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Theorizing Hybridity through African literature: Bridging the Gap between Individuality and Sociality

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Abstract:

Theorizing Hybridity through African literature: Bridging the Gap between Individuality and Sociality


Munashe Furusa, PhD
CSU Dominguez Hills
1000 E. Victoria Street
Carson CA 90747
Ph: 310-243-3040
Email: mfurusa@csudh.edu

Abstract
This paper explores the concept of hybridity in African literature. Hybridity has recently become a key concept for debates on culture and identity formation. Homi K. Bhabha defines hybridity as “a problematic of colonial representation … that reverses the effects colonialist disavowal, so that the other “denied” knowledges enter upon the dominant discourse and estrange the basis of its authority.” Bhabha, like many postcolonial and post-modern theorists, argue that hybridity, as an expression of ambivalence and fluidity, represents an active moment of challenge and resistance against a dominate cultural power (Robert J. C. Young 1995). Hybridity is considered to a major weapon against “grand narratives” and dominant authorities because it stands for the voices “in-between” the dominant authority and the “other” as well as a major force in challenging polar oppositional discourses that have often characterized colonial relationships. The paper is interested in the way African writers theorize and represent hybridity as a product of the complex cultural interactions that took place in Africa from colonialism to the present and the resultant uncertain crossings and invasions of identities. The paper argues that African writers have always been concerned and have written extensively about African people meeting and incorporating western culture into their lives as wells those individuals caught between the tides of these antagonistic cultures. Many African writers often present African identities as characterized by an “essential”, core identity which is threatened by cross-cultural contact, interactions and colonial cultural violations. They portray hybridity as an unstable product of alienation and cultural contamination. The paper will critically examine and discuss the specific position and images that are dominant in African literature.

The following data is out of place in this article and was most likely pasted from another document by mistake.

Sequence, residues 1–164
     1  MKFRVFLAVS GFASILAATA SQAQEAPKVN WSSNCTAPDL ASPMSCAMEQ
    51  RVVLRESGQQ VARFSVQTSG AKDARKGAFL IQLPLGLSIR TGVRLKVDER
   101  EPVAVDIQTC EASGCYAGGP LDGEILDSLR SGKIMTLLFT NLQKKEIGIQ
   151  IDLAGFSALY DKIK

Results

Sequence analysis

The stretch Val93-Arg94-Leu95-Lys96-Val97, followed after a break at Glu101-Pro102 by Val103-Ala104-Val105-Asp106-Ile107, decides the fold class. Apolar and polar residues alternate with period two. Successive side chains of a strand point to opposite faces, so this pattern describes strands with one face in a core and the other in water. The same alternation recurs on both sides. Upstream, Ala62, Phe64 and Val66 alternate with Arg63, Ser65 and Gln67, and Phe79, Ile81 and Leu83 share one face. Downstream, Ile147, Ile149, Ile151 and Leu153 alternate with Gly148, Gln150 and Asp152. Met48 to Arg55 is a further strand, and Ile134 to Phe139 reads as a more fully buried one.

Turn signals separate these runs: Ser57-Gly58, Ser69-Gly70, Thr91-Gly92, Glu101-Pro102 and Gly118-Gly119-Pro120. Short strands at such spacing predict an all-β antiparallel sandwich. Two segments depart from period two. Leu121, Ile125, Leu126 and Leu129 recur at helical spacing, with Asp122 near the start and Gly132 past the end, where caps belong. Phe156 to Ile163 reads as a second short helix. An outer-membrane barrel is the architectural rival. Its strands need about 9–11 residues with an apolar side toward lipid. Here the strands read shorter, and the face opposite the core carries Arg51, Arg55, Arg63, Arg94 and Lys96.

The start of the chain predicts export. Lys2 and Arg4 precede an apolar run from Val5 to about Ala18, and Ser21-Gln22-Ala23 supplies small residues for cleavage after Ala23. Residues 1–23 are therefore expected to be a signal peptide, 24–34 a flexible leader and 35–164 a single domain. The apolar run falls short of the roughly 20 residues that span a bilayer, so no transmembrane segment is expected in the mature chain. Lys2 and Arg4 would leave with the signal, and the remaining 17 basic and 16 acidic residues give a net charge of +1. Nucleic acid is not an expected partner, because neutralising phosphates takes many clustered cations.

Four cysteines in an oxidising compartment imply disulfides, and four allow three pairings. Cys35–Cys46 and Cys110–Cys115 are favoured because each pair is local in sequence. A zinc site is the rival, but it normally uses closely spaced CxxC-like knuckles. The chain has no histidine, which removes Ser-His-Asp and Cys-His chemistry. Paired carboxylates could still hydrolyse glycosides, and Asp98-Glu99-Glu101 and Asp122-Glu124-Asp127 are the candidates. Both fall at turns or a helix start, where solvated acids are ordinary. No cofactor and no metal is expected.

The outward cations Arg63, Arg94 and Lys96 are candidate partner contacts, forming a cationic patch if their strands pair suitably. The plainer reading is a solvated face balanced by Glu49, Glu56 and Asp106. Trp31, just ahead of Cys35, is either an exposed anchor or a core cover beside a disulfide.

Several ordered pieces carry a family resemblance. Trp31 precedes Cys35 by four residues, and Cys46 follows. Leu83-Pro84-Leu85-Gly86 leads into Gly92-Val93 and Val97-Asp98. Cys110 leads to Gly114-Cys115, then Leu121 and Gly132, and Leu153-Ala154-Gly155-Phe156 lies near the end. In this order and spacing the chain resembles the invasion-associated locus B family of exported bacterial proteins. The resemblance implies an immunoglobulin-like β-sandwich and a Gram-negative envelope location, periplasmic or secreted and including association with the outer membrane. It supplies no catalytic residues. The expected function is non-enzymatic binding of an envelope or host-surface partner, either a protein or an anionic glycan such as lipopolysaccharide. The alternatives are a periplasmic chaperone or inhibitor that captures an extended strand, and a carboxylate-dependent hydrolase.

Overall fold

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Association:
Name: 33rd Annual National Council for Black Studies
URL:
http://www.ncbsonline.org


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URL: http://citation.allacademic.com/meta/p305454_index.html
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MLA Citation:

Furusa, Munashe. "Theorizing Hybridity through African literature: Bridging the Gap between Individuality and Sociality" Paper presented at the annual meeting of the 33rd Annual National Council for Black Studies, Renaissance Atlanta Hotel Downtown, Atlanta, GA, Mar 19, 2009 <Not Available>. 2013-12-13 <http://citation.allacademic.com/meta/p305454_index.html>

APA Citation:

Furusa, M. , 2009-03-19 "Theorizing Hybridity through African literature: Bridging the Gap between Individuality and Sociality" Paper presented at the annual meeting of the 33rd Annual National Council for Black Studies, Renaissance Atlanta Hotel Downtown, Atlanta, GA <Not Available>. 2013-12-13 from http://citation.allacademic.com/meta/p305454_index.html

Publication Type: Individual Presentation
Review Method: Peer Reviewed
Abstract: Theorizing Hybridity through African literature: Bridging the Gap between Individuality and Sociality


Munashe Furusa, PhD
CSU Dominguez Hills
1000 E. Victoria Street
Carson CA 90747
Ph: 310-243-3040
Email: mfurusa@csudh.edu

Abstract
This paper explores the concept of hybridity in African literature. Hybridity has recently become a key concept for debates on culture and identity formation. Homi K. Bhabha defines hybridity as “a problematic of colonial representation … that reverses the effects colonialist disavowal, so that the other “denied” knowledges enter upon the dominant discourse and estrange the basis of its authority.” Bhabha, like many postcolonial and post-modern theorists, argue that hybridity, as an expression of ambivalence and fluidity, represents an active moment of challenge and resistance against a dominate cultural power (Robert J. C. Young 1995). Hybridity is considered to a major weapon against “grand narratives” and dominant authorities because it stands for the voices “in-between” the dominant authority and the “other” as well as a major force in challenging polar oppositional discourses that have often characterized colonial relationships. The paper is interested in the way African writers theorize and represent hybridity as a product of the complex cultural interactions that took place in Africa from colonialism to the present and the resultant uncertain crossings and invasions of identities. The paper argues that African writers have always been concerned and have written extensively about African people meeting and incorporating western culture into their lives as wells those individuals caught between the tides of these antagonistic cultures. Many African writers often present African identities as characterized by an “essential”, core identity which is threatened by cross-cultural contact, interactions and colonial cultural violations. They portray hybridity as an unstable product of alienation and cultural contamination. The paper will critically examine and discuss the specific position and images that are dominant in African literature.

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